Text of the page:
German authorities brutally supressed native uprisings. The first Hottentot Uprising (1893-94) was followed by the Herero Wars (1904).
Europeans referred to the Khoikhoi as Hottentos. They were the native people of southwestern Africa, closely related to the Bushmen (or San people). They are also referred to as the Nama because of the language they speak.
The Khoikhoi tribal leader Endrik Witbooi led the first Hottentot Uprising (1893-94), This was followed by a number of other incidents. of the occurred.
The most important was the Herero Wars (1904). It is some times referred to as the Herero Genocide because of the German response in supressing the revolt. The Herero were a Bantu people. The insurgency was led by Hendrik Witbooi and Jakobus Morenga (the black Napoleon).
The insurgents began by attacking the remote, unprotected farms of German settlers. About 150 German settlers were killed. The Nama also entered the struggle. Because of the large area involved, the colonial Schutztruppe of 766 Germans and and native auxiliary was unable to contain the the Herero insurgency. They even managed to reach Okahandja and Windhoek. They demolished the important railway bridge to Osona.
In total, between 25,000 and 100,000 Herero, more than 10,000 Nama and 1,749 Germans died in the conflict.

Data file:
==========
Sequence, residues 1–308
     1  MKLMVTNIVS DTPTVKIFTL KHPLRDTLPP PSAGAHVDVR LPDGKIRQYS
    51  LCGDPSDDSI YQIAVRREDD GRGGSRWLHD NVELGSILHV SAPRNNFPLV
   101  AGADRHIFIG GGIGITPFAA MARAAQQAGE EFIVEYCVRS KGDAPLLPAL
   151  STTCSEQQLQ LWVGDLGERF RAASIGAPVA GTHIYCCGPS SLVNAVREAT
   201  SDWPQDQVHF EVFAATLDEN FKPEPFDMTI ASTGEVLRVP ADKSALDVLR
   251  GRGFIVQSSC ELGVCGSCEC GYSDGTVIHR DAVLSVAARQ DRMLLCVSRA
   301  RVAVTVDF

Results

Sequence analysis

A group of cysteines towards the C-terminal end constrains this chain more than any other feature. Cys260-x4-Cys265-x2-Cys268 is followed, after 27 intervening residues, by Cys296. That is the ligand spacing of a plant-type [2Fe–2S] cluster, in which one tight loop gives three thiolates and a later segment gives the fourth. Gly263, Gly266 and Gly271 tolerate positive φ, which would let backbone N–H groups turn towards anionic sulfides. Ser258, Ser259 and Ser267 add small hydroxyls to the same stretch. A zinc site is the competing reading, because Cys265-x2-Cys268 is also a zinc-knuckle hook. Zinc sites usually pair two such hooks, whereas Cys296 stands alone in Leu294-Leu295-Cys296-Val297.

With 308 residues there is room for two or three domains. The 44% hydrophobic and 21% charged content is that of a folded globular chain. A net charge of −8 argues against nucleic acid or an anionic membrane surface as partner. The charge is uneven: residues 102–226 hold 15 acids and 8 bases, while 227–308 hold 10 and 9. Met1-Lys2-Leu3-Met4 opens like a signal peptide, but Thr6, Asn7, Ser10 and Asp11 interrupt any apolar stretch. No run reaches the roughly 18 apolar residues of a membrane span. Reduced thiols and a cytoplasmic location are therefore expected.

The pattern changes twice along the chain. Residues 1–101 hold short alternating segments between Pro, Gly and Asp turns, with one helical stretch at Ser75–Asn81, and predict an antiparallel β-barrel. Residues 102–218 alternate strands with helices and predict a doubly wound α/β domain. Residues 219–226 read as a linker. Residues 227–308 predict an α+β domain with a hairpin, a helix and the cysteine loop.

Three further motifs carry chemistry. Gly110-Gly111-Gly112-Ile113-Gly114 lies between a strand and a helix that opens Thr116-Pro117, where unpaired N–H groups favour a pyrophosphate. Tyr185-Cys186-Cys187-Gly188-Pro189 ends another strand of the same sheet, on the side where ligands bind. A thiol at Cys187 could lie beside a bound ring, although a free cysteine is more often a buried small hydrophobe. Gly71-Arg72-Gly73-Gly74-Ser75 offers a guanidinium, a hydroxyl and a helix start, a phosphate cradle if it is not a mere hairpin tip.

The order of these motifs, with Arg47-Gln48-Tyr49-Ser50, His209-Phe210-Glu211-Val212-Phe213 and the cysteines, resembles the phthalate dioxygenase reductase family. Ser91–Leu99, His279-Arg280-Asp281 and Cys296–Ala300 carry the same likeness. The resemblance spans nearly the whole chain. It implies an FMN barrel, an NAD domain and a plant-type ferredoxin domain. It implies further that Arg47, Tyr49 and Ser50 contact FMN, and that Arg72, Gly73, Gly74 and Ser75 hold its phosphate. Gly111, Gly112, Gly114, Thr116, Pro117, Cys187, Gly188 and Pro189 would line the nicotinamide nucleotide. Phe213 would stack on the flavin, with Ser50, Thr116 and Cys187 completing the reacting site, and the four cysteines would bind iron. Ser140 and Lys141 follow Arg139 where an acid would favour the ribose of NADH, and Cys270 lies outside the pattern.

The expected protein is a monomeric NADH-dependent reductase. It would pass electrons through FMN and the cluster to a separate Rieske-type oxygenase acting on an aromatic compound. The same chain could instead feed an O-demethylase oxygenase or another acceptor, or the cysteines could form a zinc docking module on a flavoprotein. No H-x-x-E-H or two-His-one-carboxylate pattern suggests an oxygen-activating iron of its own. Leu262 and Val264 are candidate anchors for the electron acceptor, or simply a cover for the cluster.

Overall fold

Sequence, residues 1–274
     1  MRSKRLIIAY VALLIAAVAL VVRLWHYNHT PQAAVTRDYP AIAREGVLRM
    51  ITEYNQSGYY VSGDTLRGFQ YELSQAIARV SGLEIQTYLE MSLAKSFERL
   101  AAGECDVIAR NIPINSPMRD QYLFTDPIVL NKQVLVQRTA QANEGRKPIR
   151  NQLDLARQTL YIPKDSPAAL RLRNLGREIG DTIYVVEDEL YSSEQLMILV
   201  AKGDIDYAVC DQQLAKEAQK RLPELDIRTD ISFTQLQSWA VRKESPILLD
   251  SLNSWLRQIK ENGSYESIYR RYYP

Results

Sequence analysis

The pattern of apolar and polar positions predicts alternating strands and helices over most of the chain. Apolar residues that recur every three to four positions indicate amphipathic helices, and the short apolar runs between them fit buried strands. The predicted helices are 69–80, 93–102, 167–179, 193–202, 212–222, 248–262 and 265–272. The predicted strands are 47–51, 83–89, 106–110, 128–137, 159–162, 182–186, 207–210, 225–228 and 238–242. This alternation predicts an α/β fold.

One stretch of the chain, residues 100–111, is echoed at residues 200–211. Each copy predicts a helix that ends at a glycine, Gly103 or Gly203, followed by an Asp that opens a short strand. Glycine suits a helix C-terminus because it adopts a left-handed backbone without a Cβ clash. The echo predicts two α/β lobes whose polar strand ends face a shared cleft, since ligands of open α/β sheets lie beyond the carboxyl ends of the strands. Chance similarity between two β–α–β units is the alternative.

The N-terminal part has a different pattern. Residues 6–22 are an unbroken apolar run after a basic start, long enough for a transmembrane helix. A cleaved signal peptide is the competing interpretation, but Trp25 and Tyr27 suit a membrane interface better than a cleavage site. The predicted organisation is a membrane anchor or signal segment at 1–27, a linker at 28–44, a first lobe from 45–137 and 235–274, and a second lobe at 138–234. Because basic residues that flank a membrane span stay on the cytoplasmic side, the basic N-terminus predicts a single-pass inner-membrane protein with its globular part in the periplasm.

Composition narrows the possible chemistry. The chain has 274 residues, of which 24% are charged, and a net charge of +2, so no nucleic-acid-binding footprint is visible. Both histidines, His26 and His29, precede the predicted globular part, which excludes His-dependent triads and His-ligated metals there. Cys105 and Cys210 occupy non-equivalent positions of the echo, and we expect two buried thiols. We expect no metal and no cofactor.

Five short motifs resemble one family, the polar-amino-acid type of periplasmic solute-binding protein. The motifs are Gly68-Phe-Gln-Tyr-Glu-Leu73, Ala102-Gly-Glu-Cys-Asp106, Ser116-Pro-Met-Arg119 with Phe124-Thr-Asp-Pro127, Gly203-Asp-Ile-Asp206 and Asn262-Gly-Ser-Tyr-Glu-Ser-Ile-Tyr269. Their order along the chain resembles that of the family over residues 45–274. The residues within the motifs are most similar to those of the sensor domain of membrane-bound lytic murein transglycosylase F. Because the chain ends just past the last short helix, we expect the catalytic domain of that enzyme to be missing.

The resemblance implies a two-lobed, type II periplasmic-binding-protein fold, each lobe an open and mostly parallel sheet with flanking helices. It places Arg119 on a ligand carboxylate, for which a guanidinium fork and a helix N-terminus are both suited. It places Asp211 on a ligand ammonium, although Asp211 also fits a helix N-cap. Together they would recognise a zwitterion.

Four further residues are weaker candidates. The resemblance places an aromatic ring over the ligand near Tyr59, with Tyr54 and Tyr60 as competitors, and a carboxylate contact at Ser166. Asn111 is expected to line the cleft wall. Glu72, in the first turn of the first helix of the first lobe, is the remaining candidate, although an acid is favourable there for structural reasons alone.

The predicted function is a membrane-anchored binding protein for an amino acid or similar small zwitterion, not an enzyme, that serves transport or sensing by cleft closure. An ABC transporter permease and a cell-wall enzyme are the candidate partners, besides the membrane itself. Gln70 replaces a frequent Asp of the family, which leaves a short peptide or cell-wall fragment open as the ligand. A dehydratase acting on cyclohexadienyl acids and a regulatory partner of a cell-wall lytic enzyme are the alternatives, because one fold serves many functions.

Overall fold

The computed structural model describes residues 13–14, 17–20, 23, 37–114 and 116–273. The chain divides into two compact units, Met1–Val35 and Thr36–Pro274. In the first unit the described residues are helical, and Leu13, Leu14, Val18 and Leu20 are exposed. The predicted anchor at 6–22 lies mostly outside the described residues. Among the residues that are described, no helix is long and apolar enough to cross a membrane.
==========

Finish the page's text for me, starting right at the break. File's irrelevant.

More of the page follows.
The Germans dispsatched 14,000 troops to the colony under the command of Lieutenant General Lothar von Trotha. The insurgents foolishly fought a comnventionl battle and were destoyed at the Battle of Waterberg (August 1904). The insurgency continued at a low level. The Germans finally defeated the rebellion (1907–08).
Von Trotha delt with the defeated Herero harshly. He announced that they were no longer German subjects and ordering them to leave the colony, threatening to kill ny who remazined. The Herero were forced to leave therir farms and hide in the arid Omaheke region, ajoining the desolate Kalahari Desert. Many died of thirst. The Germans guarded the water sources and were ordered to shoot any adult male Herero who attmpted to get water.
Other natives were held in detention. Their treatment varied, but included dispossession, deportation, forced labor, and racial descrimination. [Kössler and Melber] Some survived as the Himba people.
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